SmartRent’s eyes may be bigger than its stomach. The smart home automation firm is looking to grow internationally even as it seeks to meet untapped demand at home.
The Scottsdale-based company, which went public last week in a $2.2 billion merger with the proptech venture capital firm Fifth Wall’s first SPAC, may also become a strategic acquirer to boost its in-house product development, founder and CEO Lucas Haldeman said.
“The addressable market is every rental unit and every single-family rental home in the U.S., and then around the world,” Haldeman said. “It is so massive, it’s staggering.”
As the universe of smart homes expands, there likely will be a convergence of the multifamily and single-family rental spheres, the executive said. Large-scale multifamily operators increasingly are looking at opportunities in home rentals, and single-family rental players are looking to expand operations into the apartment business.
“I know a lot of them that are studying it and thinking about it,” Haldeman said, declining to name specific companies.
SmartRent received roughly $450 million in cash as part of the merger with Fifth Wall Acquisition Corp. I, which included a $155 million private placement from investors, among them the homebuilder Lennar, Barry Sternlicht’s Starwood Capital and the single-family rental giant Invitation Homes.
Founded in 2017, SmartRent offers landlords, property managers and renters a comprehensive platform from which to manage smart home devices, such as locks, cameras, thermostats, plugs and sensors.
The company had written off going the SPAC route until Fifth Wall came along, Haldeman said. Other suitors did not have real estate experience.
“They obviously have great strategic significance and they truly understand our business,” Haldeman said of Fifth Wall. “It felt like one of those 1+1=3 scenarios, where it was actually more strategic to go that route versus a traditional IPO or a [Series] B round for us.”
SmartRent has pilot projects running in Canada and the U.K. The company expects to grow in those two markets before moving into Western Europe and other foreign markets where Fifth Wall has influence, the CEO said.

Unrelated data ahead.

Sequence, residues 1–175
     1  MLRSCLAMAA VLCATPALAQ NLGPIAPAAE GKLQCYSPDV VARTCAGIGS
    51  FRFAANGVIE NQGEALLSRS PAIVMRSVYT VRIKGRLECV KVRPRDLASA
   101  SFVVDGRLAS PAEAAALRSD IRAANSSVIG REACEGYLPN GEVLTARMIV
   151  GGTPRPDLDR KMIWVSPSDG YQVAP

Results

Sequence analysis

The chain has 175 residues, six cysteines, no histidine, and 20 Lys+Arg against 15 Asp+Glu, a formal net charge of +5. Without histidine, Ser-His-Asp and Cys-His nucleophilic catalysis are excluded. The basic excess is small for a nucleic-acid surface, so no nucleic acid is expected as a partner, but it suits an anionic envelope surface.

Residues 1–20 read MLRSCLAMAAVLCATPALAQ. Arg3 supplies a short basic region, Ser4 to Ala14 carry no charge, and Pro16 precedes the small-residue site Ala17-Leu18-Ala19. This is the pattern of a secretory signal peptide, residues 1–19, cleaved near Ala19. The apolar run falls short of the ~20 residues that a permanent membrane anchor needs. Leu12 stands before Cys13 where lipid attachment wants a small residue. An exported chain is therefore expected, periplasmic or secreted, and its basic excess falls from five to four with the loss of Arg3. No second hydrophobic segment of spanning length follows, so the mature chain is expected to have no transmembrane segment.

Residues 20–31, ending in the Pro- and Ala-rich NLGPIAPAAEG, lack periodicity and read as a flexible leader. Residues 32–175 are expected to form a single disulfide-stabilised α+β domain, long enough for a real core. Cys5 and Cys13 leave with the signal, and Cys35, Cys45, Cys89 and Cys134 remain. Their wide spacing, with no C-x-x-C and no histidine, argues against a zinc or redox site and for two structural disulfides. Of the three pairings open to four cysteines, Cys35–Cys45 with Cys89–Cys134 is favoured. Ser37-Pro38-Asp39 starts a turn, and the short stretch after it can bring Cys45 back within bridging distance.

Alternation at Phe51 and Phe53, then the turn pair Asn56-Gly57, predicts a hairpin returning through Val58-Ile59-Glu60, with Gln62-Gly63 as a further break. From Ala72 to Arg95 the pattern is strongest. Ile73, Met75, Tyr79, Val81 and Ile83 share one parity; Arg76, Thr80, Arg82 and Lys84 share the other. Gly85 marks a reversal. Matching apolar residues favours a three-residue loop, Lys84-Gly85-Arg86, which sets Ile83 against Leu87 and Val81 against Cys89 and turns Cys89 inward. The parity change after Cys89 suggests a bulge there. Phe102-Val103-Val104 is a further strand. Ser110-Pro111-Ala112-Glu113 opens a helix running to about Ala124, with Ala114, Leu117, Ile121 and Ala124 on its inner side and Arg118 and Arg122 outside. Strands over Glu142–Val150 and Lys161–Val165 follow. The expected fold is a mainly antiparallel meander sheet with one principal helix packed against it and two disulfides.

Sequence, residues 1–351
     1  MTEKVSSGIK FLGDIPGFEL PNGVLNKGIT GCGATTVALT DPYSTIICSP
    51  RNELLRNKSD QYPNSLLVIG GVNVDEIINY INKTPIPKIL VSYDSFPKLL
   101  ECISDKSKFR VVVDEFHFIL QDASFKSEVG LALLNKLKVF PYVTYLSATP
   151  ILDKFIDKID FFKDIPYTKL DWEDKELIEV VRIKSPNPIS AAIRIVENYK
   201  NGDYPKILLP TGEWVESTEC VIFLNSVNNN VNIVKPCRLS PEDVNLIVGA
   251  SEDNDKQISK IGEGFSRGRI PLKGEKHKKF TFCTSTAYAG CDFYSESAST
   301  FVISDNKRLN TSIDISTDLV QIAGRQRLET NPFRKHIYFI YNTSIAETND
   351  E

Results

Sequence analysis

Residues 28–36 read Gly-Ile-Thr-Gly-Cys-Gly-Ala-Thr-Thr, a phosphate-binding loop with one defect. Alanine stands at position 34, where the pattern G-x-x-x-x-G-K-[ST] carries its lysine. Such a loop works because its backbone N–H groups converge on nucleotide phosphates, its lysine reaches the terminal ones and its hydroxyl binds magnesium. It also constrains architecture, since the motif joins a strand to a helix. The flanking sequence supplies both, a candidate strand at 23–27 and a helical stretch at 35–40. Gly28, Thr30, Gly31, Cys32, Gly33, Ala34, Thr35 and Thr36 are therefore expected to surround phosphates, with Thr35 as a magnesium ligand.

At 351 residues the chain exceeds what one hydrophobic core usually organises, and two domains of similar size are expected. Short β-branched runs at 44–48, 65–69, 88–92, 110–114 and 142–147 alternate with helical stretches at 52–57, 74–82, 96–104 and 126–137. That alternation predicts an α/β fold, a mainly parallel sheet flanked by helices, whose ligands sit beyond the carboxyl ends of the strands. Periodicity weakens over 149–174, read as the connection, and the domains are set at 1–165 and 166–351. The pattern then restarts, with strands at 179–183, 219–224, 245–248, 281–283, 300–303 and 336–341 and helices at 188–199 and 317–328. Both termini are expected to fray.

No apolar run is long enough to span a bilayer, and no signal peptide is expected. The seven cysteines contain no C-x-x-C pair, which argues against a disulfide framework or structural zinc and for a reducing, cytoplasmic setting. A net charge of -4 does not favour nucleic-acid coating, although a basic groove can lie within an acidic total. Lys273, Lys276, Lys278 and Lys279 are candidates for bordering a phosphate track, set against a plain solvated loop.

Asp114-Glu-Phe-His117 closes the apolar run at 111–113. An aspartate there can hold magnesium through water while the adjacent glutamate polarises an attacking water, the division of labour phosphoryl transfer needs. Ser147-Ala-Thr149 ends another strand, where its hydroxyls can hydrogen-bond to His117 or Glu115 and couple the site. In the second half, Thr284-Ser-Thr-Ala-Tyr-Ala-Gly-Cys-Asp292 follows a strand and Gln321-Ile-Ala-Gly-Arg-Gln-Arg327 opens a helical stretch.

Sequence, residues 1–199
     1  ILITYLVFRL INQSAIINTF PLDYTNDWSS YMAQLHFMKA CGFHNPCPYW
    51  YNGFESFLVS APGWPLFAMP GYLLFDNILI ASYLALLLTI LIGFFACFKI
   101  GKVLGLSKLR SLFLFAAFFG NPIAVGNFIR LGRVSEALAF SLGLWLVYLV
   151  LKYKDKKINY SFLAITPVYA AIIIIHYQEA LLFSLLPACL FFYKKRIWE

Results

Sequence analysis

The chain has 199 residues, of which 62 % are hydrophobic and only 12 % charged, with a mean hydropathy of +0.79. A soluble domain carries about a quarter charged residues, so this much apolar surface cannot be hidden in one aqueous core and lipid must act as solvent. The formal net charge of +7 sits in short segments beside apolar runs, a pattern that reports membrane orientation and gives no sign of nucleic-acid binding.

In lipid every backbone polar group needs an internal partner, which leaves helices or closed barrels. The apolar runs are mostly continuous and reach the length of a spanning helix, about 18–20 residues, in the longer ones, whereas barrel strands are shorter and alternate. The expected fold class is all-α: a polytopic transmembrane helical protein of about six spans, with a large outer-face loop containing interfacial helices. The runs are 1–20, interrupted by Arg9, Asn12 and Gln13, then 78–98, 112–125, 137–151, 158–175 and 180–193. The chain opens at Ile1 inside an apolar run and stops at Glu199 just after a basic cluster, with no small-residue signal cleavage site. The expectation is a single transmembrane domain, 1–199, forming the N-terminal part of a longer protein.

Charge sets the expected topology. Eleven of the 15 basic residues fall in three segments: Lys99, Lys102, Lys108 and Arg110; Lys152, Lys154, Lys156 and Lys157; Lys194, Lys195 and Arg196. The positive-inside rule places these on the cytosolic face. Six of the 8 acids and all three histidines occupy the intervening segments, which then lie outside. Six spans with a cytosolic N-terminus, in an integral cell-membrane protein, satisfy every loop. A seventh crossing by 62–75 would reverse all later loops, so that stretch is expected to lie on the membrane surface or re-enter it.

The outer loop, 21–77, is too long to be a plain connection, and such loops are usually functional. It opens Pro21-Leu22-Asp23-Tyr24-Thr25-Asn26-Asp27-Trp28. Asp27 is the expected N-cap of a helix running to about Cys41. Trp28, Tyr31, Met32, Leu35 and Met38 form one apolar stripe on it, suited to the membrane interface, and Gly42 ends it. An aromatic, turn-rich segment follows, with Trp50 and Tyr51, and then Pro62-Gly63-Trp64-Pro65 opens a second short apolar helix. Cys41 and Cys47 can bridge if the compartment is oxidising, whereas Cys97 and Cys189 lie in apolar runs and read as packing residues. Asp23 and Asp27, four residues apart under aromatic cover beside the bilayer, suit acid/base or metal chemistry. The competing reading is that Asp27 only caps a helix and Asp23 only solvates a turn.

The company now bills itself as a provider of smart building automation, not merely smart home automation — suggesting it will expand into other property types including data centers and office buildings. The company recently ventured into student housing.
Haldeman described integrated software management as a “commercial real estate problem,” not merely a multifamily or single-family rental problem.
SmartRent’s clientele includes more than 180 property managers with a combined 3.5 million apartments. But through June, SmartRent had installed its technology in just 211,000 units. The company aims to be in 350,000 by year-end, Haldeman said.
On Aug. 30, the company reported $21.7 million in quarterly revenue, up from $5.8 million in the 2020 second quarter — a 274 percent gain.
The company’s biggest opportunity — rolling out services in full to its existing clients — is also its biggest challenge, the executive said. Supply chain issues threaten the availability of hardware, and on-site installation is a large-scale, delicate operation that the company manages itself.
John Helm, founder of Real Estate Technology Ventures, an early SmartRent backer and still the company’s largest shareholder, described the greenfield opportunity in multifamily for integrated software management as massive and rare. The U.S. alone has more than 40 million rental units, only a tiny fraction of which are outfitted with the technology.
SmartRent’s offering is unique for its comprehensiveness and the company’s ability to execute at a large scale, according to Helm. He sees the company’s product line as particularly attractive for retrofitting older buildings.
“SmartRent’s advantage is they have the installation resources to go out in the field and get it done,” Helm said. “They’ve done it already.”